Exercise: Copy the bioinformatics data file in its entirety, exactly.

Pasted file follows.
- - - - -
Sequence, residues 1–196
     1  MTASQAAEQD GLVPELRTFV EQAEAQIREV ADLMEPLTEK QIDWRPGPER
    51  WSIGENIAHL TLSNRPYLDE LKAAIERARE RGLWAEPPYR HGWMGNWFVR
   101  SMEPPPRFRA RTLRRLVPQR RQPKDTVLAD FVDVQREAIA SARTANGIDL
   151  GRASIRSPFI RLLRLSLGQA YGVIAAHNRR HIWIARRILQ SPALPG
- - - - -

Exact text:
Sequence, residues 1–196
     1  MTASQAAEQD GLVPELRTFV EQAEAQIREV ADLMEPLTEK QIDWRPGPER
    51  WSIGENIAHL TLSNRPYLDE LKAAIERARE RGLWAEPPYR HGWMGNWFVR
   101  SMEPPPRFRA RTLRRLVPQR RQPKDTVLAD FVDVQREAIA SARTANGIDL
   151  GRASIRSPFI RLLRLSLGQA YGVIAAHNRR HIWIARRILQ SPALPG